Given the good Bank of America earnings announcement today, I though it is fitting to look at the earnings yield versus dividend yield of the S&P over a 50 year stretch of time. The ratio has been growing for a long, long while. Back in the 1960s, companies paid out a lot more of their earnings in dividends. Even given the rising trend, the ratio seems over-extended at this point. We have pretty high earnings yield at 7.7% but only a 2.1% dividend yield. The ratio seems to fall whenever we have some recession or slowdown, indicating that dividend cuts may lag earning declines. Assuming that earnings yield at least hold the line (a big IF), the long term trend suggests an overall dividend yield of 2.57%.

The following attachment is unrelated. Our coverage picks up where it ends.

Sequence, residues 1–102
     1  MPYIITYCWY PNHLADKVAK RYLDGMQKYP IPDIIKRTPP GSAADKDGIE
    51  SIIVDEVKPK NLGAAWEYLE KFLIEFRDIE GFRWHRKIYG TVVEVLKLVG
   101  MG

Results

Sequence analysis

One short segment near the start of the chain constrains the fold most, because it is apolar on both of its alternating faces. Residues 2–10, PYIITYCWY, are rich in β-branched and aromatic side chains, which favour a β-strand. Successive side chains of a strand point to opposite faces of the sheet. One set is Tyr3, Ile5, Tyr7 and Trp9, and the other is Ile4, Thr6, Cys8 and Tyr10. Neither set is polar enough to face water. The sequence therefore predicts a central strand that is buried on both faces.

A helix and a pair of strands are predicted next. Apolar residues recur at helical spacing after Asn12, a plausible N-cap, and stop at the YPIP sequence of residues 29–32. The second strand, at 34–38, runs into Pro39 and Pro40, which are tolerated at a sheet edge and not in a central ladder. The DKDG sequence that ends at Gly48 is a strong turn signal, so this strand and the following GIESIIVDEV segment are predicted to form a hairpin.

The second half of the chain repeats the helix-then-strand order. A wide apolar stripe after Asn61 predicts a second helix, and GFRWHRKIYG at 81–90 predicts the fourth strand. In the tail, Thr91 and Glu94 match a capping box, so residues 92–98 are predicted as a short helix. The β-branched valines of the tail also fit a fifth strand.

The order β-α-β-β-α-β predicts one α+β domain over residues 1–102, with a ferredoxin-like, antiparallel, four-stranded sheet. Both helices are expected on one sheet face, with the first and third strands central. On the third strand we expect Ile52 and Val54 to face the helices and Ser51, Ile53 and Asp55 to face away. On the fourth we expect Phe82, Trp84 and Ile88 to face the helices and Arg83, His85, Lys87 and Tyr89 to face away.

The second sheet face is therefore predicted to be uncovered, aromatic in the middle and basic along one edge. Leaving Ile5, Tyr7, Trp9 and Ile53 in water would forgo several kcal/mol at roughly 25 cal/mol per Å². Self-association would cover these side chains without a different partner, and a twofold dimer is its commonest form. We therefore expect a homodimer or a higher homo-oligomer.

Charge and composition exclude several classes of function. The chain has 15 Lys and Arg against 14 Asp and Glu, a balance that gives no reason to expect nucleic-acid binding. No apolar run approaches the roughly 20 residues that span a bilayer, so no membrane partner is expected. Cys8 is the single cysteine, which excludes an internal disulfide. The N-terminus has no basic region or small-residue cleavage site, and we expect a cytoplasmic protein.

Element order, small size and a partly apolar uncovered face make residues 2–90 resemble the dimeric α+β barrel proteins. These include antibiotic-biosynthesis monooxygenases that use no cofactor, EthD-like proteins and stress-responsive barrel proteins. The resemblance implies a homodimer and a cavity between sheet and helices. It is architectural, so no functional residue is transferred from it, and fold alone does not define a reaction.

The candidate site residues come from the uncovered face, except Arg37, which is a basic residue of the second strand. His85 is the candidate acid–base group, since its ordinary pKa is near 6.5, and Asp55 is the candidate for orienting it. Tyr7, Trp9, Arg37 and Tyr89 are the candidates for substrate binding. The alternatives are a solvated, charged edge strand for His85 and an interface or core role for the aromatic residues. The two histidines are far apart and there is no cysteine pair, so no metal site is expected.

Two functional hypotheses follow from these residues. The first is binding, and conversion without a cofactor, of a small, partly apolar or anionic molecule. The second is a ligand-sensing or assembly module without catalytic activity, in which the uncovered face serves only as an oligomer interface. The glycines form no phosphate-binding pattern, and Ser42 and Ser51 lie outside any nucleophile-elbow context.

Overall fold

A more telling picture is this one below that plots earnings, dividend, and 10-year treasury yields all on the same axis. Notice that around the time of the dotcom crash, earning yields and bond yields started diverging whereas they pretty much mirrored each other for the many decades before, though the path that earnings took was a much rougher ride. Movements in dividends also generally mirror that of 10-year yields. So we have both dividends and 10-year notes disagreeing with earnings at this point. There may be many possible explanations for this behavior. Market prices have largely moved in line with earnings, but dividends seem to have followed at a much slower pace (though plenty of companies raised their dividends last year). Boards and management are approaching the rise in earnings quite cautiously, being quite reticent with respect to dividends. I suppose the cut in financial dividends (financials being the traditional high yielders) also contributed to this present state of affairs. The question remains, can both corporate leadership and the bond market be wrong while the stock market be right?